All the World’s a Stage – and the Stage is My World
For most people, the place that they feel most content and comfortable is their home. This is true for me, but my ‘home’ is not exactly a quantifiable place. For me, my home is the stage.
For as long as I can remember, everything I did or said became a ‘production’. I would experiment with facial expressions, and sometimes I would narrate – aloud – whatever I was doing.
“Slowly, and with great premonition, she unfolded her limbs from their criss-cross-applesauce position and padded deliberately across her room where she began her descent down the stairs, toward the smell that spelled uncertain dinner for the innocent girl.”
My colorful vocabulary and flair for the dramatic is what prompted my parents to search for a theatrical opportunity for me.
It came in the form of Children’s Chorus Member #7 in Joseph and the Amazing Technicolor Dreamcoat at a local children’s theater. I was nothing if not enthusiastic.
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And from the moment of my first performance, I felt it. It was like nothing else – a feeling of coming home.
A few years ago, I learned that I only got the part because the assistant director, who knew my mother, felt bad about her cancer and wanted to give me a chance at something to do to keep me out of the house while she underwent chemotherapy. At first, I was grievously offended. I didn’t want their charity!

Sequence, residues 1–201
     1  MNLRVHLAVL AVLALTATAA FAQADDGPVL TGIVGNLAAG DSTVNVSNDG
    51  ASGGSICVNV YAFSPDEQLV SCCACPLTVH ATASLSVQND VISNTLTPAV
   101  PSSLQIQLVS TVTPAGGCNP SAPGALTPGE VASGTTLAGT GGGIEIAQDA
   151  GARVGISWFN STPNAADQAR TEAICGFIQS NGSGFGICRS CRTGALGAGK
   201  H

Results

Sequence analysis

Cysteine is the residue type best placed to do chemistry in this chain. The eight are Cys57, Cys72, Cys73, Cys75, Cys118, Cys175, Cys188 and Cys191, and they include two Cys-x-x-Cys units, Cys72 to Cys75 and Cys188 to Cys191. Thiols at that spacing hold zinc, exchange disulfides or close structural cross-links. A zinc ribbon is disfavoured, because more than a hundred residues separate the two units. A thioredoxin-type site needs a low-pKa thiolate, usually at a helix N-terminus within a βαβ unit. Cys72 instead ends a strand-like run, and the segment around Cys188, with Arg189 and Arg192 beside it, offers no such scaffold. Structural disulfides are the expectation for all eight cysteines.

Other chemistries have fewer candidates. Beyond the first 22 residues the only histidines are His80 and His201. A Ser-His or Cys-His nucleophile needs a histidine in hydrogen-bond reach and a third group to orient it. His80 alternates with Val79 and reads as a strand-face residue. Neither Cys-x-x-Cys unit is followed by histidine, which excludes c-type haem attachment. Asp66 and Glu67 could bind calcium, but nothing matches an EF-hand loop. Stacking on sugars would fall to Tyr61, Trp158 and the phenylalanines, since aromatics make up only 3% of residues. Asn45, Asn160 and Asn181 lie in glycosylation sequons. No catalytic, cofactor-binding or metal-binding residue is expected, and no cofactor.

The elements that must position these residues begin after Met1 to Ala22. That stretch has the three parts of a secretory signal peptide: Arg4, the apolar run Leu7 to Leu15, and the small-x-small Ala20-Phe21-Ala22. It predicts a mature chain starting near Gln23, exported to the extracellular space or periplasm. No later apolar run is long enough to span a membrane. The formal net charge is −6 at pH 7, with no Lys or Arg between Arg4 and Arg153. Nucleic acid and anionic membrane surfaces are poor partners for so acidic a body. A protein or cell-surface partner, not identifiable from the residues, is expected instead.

But the more I think about it, the more I realize that I probably wasn’t that great of an actress at six years old. There’s more to acting than just ‘being a natural’ – it is an art, and like any art, it needs practice. Without that show, I would not have learned as much as I did about theater, or fallen in love with it like I did.
It also taught me something about people. People like to feel like they can help. It is of course important to have a certain level of pride, but if your pride gets in the way of someone trying to help with good intentions, then your pride is just as bad as the misdirected charity. That lady who knew my mom couldn’t cure her cancer, but she wanted to do something to help. As annoyed as I was that people treated me differently because they felt bad, I know now that she meant it for good, and it is childish to reject what that sympathetic woman did for us. Without it, I might have given up and never found my passion.
After years of middle school shows, my junior year I had my first real lead in a high school production. The show was I Remember Mama, and I was Mama herself. It was nerve-racking and terrifying and exhausting, but I’ve come to look upon that semester when I was involved in that play as my favorite so far in high school. I may not have gotten the greatest grades of my high school career (practice until 10 pm every night isn’t the ideal situation for doing homework), but I was doing what I loved and learning as much as I could.
And as I grabbed hands with my newfound family for bows closing night, I realized the real magic of theater – this group of kids who barely knew each other before was now an exhausted, wonderful family. After pouring our hearts and souls into our work, we realized that we can come together and create something that can really change people’s lives.
The stage is my home, and I am lucky enough to have found it. Communication is indeed everything, and the best way I know how is on the stage. So perhaps my physical living space is in my house, but my heart, soul, and ability to change the world lives on the stage. And I’ll take that over straight As any day.